State must hold Detroit incinerator accountable
Marvin Gaye’s seminal recording “What’s going on” was released 47 years ago this spring. On one of its tracks, “Mercy, mercy me,” he lamented:
“Whoa, ah, mercy, mercy me. Oh things ain't what they used to be, no no. Where did all the blue skies go? Poison is the wind that blows from the north and south and east.”
Unfortunately, Gaye’s words still ring true today.
Located at 5700 Russell, Detroit Renewable Power (DRP) operates a formidable solid waste incinerator in the heart of the city that has exceeded pollution emissions standards more than 750 times during the last five years, Michigan Department of Environmental Quality (MDEQ) records show.
I live about two miles from the site. My commute to and from work each day involves enduring the incinerator’s horrible smell. That’s why I applaud the coalition of community residents who two weeks ago delivered 15,000 signatures to Detroit Mayor Mike Duggan's office. With passion and power, they demand that the city shut down Detroit Renewable Power's trash incinerator.
Here are a set of facts offered by Breathe Free Detroit, a community and grassroots-led campaign fighting to shut down the Detroit incinerator. It partners include The Ecology Center, Great Lakes Environmental Law Center and East Michigan Environmental Action Council:
- Each day the incinerator burns 3,300 tons of trash from homes, schools, hospitals, and businesses. It pollutes the air with toxic ash, contributing to climate change.
- DRP violated the federal Clean Air Act an astounding 446 times in 2015 and 2016. Penalties included failure to monitor sulfur dioxide, carbon monoxide, and nitrous oxides, exceeding allowed limits of carbon monoxide emissions, and failure to effectively capture particulate matter.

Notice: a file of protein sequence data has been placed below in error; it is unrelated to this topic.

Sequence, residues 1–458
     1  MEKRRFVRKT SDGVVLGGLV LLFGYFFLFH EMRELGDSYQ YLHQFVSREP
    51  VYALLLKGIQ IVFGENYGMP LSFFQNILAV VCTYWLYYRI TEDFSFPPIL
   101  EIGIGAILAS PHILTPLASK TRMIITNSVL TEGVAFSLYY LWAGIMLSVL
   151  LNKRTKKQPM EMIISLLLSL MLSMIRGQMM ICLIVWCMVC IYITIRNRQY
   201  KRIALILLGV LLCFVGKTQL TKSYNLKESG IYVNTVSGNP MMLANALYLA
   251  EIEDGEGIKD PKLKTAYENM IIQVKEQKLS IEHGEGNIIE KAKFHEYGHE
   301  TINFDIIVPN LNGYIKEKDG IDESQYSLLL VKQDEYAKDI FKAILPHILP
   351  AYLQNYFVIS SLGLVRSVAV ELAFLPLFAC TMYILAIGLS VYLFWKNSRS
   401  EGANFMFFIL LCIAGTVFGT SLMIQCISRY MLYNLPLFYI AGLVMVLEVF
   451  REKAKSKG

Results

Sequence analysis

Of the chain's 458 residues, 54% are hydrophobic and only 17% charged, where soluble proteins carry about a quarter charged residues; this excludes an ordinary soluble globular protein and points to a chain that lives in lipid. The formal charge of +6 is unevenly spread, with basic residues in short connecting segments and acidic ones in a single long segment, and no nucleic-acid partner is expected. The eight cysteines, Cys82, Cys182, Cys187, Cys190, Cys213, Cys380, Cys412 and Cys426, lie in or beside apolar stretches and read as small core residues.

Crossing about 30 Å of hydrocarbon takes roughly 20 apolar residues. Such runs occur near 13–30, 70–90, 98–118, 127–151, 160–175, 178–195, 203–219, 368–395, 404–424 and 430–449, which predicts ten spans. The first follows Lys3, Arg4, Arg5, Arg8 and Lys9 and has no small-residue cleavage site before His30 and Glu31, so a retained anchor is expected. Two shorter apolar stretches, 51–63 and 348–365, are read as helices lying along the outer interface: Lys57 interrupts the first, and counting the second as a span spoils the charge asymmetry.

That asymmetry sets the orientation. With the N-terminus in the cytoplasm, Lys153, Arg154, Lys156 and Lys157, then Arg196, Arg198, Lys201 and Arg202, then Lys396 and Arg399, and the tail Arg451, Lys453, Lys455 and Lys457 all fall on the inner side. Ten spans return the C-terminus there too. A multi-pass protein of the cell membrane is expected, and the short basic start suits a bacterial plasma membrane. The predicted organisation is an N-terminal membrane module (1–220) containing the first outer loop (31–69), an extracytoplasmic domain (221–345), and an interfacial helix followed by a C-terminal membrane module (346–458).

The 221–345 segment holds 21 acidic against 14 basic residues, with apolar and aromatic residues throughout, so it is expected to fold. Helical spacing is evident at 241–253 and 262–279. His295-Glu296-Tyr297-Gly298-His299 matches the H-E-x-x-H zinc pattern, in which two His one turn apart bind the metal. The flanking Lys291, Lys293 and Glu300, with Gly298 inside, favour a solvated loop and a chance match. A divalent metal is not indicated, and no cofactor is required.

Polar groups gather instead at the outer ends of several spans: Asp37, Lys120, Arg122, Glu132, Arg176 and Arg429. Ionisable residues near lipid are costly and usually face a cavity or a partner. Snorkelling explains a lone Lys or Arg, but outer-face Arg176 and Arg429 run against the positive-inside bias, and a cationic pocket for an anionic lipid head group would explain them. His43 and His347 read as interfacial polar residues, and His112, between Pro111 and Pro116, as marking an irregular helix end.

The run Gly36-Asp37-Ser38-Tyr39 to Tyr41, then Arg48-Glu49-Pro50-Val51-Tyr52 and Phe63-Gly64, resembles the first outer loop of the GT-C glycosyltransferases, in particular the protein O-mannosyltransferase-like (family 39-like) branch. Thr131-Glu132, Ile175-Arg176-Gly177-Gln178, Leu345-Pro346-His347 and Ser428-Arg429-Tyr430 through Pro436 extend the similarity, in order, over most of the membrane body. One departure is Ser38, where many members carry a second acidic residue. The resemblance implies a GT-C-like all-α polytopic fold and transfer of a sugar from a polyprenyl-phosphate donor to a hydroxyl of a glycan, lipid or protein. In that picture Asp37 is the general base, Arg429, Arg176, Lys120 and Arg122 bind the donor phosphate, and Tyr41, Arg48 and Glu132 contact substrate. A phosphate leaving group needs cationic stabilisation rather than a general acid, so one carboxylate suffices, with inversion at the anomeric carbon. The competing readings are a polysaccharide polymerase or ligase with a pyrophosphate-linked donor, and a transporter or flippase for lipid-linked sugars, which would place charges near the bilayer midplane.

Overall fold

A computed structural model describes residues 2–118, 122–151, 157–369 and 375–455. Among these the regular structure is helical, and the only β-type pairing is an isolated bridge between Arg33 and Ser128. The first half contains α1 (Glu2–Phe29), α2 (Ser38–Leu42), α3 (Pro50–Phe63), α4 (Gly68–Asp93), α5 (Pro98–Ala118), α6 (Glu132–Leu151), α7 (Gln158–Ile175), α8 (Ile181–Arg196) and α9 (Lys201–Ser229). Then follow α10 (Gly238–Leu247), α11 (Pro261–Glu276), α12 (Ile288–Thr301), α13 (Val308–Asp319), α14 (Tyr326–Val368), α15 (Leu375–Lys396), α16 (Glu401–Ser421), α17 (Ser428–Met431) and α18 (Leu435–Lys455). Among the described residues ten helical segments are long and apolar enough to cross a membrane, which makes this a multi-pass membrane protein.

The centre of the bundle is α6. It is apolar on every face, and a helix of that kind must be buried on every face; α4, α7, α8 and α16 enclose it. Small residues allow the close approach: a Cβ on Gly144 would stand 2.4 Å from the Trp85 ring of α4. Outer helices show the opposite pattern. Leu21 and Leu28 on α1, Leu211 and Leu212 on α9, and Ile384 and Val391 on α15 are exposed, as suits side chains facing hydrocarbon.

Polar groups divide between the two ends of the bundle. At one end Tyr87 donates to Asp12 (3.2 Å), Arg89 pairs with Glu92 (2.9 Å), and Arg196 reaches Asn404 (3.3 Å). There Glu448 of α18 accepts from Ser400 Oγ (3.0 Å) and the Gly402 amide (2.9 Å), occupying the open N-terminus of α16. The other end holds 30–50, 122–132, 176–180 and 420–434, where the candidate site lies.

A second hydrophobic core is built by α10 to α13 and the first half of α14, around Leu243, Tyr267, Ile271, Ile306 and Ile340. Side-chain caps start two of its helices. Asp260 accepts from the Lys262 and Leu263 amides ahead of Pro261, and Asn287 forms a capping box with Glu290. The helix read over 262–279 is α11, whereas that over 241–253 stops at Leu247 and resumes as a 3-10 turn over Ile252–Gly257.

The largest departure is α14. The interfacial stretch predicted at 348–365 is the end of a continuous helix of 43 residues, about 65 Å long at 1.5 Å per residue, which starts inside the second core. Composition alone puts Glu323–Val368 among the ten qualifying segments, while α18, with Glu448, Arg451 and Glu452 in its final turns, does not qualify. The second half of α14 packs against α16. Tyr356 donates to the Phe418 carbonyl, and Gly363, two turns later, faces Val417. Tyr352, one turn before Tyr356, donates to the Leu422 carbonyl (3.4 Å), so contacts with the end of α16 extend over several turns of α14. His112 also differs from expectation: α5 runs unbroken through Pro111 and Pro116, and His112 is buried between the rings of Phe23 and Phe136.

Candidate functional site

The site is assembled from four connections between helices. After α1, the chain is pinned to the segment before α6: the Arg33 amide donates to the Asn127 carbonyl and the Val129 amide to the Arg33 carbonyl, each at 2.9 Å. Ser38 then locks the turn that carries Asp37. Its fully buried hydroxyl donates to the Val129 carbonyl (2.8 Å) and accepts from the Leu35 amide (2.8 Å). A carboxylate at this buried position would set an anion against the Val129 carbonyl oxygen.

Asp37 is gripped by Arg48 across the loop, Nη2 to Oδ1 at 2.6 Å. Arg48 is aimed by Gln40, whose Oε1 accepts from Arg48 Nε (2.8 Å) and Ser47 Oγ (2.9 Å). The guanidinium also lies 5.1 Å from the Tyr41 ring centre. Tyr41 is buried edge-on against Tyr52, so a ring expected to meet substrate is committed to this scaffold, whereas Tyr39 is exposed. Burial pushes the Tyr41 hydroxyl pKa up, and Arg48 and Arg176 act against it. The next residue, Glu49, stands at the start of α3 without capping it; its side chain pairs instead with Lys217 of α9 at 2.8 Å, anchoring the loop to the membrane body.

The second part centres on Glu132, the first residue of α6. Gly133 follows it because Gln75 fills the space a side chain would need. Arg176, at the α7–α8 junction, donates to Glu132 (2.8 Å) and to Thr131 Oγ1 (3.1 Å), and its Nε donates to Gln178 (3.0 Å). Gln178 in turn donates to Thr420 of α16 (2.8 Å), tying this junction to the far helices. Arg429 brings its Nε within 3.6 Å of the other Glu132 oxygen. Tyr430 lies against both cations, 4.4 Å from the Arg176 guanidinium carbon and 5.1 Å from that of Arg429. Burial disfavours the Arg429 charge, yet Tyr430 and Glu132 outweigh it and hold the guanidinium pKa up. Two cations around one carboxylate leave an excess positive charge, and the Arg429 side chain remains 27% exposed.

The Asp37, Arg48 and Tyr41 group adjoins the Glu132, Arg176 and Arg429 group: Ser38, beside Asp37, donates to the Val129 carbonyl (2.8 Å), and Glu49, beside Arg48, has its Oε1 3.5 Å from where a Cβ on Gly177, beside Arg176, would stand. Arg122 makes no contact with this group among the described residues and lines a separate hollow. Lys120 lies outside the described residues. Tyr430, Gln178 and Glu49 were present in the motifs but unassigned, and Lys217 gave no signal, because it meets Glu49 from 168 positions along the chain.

- Detroit pays $25 per ton, about 66% more than other cities to send its trash to the incinerator. Pollution from the facility costs $2.6 million in health costs each year.
- Trash burned at DRP comes from cities in 10 Michigan counties (Wayne, Macomb, Monroe, Oakland, Washtenaw, Bay, Genesee, Ingham, Kent, and Livingston. It also comes from Illinois and Ohio as well as Canada.
- Nearly 22,000 people live within a 1½-mile radius of the incinerator.
- 76,681 children live within 5 miles of the incinerator.
- About 87 percent of residents within one mile are persons of color; 60 percent live below the federal poverty line, with 20 percent unemployment.
- Thirteen schools operate within that radius. One of them, Golightly Educational Center, an elementary and middle school, is only a couple of blocks away.
We deserve better. I doubt that the facility could operate in Oakland or Macomb counties.
To be fair, MDEQ, in a negotiation with Detroit Renewable Power and the Michigan attorney general's office, agreed last year to a consent order. It cited DRP for eight pollution incidents from 2015 and 2016. But the total penalty was a paltry $149,000.
However, our state attorney general’s office hasn’t done enough on this front and should stand up for everyday people. Simply put, government must do more to protect its residents.
Ken Coleman is a Detroit author and historian.